Nova Scotia Bill 109 introduces DB funding reforms and discharge for buy-out annuities
On March 12, 2019, Nova Scotia government introduced Bill 109, which includes several measures to help reduce defined benefit (DB) pension plan funding volatility and permits buy-out annuities.
Measures to reduce funding volatility
Bill 109 follows Nova Scotia’s consultation on DB pension plan funding (see the October 2017 News & Views). Three options had been identified in the consultation paper, including measures affecting solvency funding requirements. Bill 109 does not affect the requirement to fully fund solvency liabilities, but introduces the following measures, which would help reduce funding volatility:
Reserve accounts: administrators of pension plans with a DB provision will be able to create a separate account within the pension plan fund to hold payments in respect of a solvency deficiency or other prescribed contributions. On full wind-up of the pension plan, surplus in a reserve account could be withdrawn by the administrator subject to the requirements of the Pension Benefits Act (Act) and Regulations;
Letters of credit (LOCs): currently LOCs obtained from a financial institution can be used to cover solvency special payments for up to 15% of solvency liabilities. Bill 109 removes the 15% cap on LOCs.
Bill 109 also provides DB pension plan administrators with a full discharge of the obligation to pay pensions to former members, retired members, and other persons in receipt of a pension from the plan upon annuity purchase. The annuity purchase must meet the requirements of the Act and Regulations. Individuals for whom an annuity has been purchased would be able to participate in any surplus distribution in the event that the pension plan is wound up within three years of the date of the annuity purchase.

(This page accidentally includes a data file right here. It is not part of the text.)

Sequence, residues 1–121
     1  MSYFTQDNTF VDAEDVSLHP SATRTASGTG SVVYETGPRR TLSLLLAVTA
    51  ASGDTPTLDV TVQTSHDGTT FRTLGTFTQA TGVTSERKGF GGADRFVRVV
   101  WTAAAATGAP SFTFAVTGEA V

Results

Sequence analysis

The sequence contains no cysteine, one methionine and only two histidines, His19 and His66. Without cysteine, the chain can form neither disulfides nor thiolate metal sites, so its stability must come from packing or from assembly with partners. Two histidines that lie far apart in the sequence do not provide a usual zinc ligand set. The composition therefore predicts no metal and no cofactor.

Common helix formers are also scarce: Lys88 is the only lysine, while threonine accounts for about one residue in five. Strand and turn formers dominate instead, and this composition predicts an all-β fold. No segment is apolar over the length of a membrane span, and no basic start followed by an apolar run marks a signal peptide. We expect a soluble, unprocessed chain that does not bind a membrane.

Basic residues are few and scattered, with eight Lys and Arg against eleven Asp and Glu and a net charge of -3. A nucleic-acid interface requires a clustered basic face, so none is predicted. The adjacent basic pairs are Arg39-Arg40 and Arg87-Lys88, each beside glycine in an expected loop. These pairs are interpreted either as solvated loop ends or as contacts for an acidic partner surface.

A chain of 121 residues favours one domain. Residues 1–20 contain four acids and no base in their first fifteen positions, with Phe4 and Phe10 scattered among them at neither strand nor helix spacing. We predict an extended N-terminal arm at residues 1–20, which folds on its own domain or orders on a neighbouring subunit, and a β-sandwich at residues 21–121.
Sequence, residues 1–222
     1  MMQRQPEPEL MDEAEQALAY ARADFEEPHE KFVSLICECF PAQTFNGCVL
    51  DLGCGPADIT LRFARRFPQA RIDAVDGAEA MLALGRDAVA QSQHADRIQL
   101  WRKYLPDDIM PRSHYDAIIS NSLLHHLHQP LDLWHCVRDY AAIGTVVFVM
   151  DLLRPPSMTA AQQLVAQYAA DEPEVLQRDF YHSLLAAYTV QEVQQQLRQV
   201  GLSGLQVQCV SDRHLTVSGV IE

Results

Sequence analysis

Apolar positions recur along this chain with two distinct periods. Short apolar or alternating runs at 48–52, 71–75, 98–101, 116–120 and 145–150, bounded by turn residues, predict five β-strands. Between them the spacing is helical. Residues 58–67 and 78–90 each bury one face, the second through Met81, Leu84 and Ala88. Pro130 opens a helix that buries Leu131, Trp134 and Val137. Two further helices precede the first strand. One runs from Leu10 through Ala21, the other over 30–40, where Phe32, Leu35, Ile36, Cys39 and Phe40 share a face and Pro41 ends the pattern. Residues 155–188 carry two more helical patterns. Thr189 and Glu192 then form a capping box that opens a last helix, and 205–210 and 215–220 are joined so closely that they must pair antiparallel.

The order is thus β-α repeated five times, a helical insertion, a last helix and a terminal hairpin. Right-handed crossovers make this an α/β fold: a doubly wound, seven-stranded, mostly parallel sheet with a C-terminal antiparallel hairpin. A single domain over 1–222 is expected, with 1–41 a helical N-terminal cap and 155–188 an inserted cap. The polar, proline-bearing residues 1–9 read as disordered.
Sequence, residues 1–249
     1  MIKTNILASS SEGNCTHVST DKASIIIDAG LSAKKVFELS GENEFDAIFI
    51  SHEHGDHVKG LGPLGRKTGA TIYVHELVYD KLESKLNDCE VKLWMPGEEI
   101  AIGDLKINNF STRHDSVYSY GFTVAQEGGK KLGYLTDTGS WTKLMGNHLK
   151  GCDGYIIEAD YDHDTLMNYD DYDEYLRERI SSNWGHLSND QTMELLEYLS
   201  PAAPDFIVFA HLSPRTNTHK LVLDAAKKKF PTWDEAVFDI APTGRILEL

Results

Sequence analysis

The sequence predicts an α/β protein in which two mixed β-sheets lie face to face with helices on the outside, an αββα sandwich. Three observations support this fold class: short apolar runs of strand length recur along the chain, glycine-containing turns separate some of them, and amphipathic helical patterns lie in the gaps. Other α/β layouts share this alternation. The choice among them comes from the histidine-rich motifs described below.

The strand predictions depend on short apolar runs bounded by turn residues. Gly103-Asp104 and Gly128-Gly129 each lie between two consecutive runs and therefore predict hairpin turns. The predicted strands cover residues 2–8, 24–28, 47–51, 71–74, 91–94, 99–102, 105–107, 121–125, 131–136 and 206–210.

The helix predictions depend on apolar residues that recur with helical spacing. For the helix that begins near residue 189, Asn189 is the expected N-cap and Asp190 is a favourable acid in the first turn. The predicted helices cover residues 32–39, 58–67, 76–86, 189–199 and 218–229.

Bill 109 also revises the “deemed trust” provisions contained in the Act to ensure that the elements required to create a statutory deemed trust are present in order to establish an effective priority in favor of beneficiaries of underfunded pension plans. Finally, Bill 109 clarifies that all information filed, collected by or submitted to the Superintendent in relation to a pension or a pension plan must be kept confidential, and cannot be disclosed except to members and other persons who can request the information pursuant to the Act.
Nova Scotia sponsors of DB pension plans will welcome the measures to reduce funding volatility, but the measures do not represent comprehensive funding reform that has been seen in provinces such as Ontario and Quebec, and that was contemplated in the consultation paper. Employers with DB members in Nova Scotia will also welcome the opportunity to obtain a discharge upon the purchase of buy-out annuities.
Regulatory amendments to support the measures contained in Bill 109 (e.g., reserve accounts; annuity buy-out discharge) have not yet been released. Except for the administrative changes, which would take effect upon royal assent, Bill 109 would only come into effect upon proclamation, which is not expected until the regulatory amendments are released. Regulatory amendments and proclamation are scheduled approximately for fall 2019.